Mob kills students for ‘blasphemy’ at northern Nigeria college | religion news

Mob kills students for ‘blasphemy’ at northern Nigeria college |  religion news

Cases of mob attacks for alleged blasphemy occur intermittently in Nigeria, particularly in the north.

A college in northwest Nigeria’s Sokoto state has been closed indefinitely after a student at the school was killed for alleged blasphemy.

The student, who has not yet been identified, was accused of insulting the Prophet Muhammad, which local media reports said led to bullying that resulted in her death on Thursday. Her body was also allegedly cremated on the school grounds afterwards.

Sokoto State Governor Aminu Tambuwal ordered the school closed and instructed the Ministry of Higher Education and relevant security agencies to investigate the incident. This comes after social media outrage over the killing, the state’s information commissioner, Isa Bajini Galadanchi, told reporters.

“The governor has urged the people of the state to remain calm and keep the peace as the government will take appropriate action based on the investigation findings,” Bajini said.

School officials described the incident in a May 12 circular as an “early morning student rampage” and ordered all students to “leave the college campus immediately.”

Nigerians are taking to Twitter to protest the killing and are calling on the government to ensure justice is done.

“Murderers of Christian women in Sokoto must be arrested and punished!” Farooq Kperogi, a journalism professor at Kennesaw State University, said in a tweet.

“Unfortunately, this kind of indiscriminate killing of people in the name of revenge for ‘blasphemy’ has been going on in the North for far too long. That has to stop! The monsters in this video are easy to identify. The Sokoto state government must arrest them immediately and make an example of them. If that doesn’t happen, this kind of murderous barbarism will continue,” he added.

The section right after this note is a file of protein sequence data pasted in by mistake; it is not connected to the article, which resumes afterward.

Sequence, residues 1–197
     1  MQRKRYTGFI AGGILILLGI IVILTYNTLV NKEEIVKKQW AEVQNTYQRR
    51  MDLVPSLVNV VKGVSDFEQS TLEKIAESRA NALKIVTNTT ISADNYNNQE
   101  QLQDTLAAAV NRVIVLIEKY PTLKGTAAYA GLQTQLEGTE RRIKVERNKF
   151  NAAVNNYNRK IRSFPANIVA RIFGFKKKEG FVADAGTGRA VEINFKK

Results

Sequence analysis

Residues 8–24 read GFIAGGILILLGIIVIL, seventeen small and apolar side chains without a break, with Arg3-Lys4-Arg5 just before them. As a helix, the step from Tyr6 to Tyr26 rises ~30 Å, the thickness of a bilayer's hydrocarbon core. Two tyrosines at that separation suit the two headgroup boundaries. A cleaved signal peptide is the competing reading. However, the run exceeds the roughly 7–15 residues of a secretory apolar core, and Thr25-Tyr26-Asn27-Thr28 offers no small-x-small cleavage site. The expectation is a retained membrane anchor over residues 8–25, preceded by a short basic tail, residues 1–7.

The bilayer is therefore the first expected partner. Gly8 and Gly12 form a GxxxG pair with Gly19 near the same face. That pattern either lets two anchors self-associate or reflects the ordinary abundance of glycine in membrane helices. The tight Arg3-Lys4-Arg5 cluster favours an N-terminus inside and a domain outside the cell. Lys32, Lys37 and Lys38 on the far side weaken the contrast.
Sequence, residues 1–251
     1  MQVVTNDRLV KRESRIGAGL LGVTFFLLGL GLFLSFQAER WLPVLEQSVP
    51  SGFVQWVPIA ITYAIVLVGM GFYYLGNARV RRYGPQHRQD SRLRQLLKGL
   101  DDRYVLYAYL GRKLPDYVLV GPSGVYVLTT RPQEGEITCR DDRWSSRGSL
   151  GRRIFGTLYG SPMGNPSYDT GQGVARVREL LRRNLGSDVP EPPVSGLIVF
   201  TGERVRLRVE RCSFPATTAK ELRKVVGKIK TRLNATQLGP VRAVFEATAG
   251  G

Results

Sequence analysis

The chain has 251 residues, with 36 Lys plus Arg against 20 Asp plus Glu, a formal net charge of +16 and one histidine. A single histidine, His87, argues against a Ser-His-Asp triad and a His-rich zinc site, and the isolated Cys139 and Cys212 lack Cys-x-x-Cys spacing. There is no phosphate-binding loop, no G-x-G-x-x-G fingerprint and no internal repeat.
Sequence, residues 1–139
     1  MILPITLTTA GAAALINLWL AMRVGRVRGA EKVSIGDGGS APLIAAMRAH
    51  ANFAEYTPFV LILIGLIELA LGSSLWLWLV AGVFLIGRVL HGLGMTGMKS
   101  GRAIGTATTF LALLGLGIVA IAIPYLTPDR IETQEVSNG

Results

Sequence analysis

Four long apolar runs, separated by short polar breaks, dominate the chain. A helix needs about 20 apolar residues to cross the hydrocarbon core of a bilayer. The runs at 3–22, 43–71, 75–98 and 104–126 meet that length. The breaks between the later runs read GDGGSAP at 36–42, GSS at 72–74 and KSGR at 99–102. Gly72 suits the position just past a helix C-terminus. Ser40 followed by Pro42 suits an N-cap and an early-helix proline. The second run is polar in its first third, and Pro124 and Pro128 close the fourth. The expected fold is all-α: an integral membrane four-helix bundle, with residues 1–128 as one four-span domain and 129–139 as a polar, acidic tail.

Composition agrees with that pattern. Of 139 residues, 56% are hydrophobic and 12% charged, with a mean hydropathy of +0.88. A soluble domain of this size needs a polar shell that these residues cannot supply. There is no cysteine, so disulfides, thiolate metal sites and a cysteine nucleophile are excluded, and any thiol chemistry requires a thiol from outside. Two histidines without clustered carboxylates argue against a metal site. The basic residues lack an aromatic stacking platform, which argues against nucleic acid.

Popular human rights activist Aisha Yesufu, herself a Muslim, also condemned the act, saying: “No one has the right in any way to kill another.”

Incidents of mob attacks on suspected blasphemy occur intermittently in Nigeria as “many Sharia laws in northern Nigeria continue to criminalize blasphemy and result in harsh penalties for blasphemy,” according to the United States Commission on International Religious Freedom.

Northern Nigeria, Africa’s most populous country, is majority Muslim while the south is predominantly Christian.

The country’s penal code prohibits any act that publicly insults a religion and carries a prison sentence of up to two years, while there are Islamic laws against blasphemy through Sharia courts in 12 northern states.

The latter, according to the Berkley Center for Religion, Peace, and World Affairs at Georgetown University, “deal exclusively with acts that are considered insulting to Muslims and the punishment of which can be as severe as execution.”

“Most accusations of blasphemy are made by Muslims against Christians and often spark mob violence before official action such as police arrests and trials can be taken. Blasphemy, therefore, in the Nigerian context is a driver of sectarian violence rather than court cases,” the Berkley Center said.

In April, a Nigerian court sentenced an atheist to 24 years in prison for publishing posts on social media that were deemed blasphemous against Islam. Mubarak Bala, a former Muslim, was convicted after pleading guilty after a long trial that saw him spend almost two years in prison.

In 2020, a Sharia court sentenced Yahaya Sharif-Aminu, a 22-year-old Muslim gospel musician, to death for committing blasphemy in a series of private WhatsApp messages.

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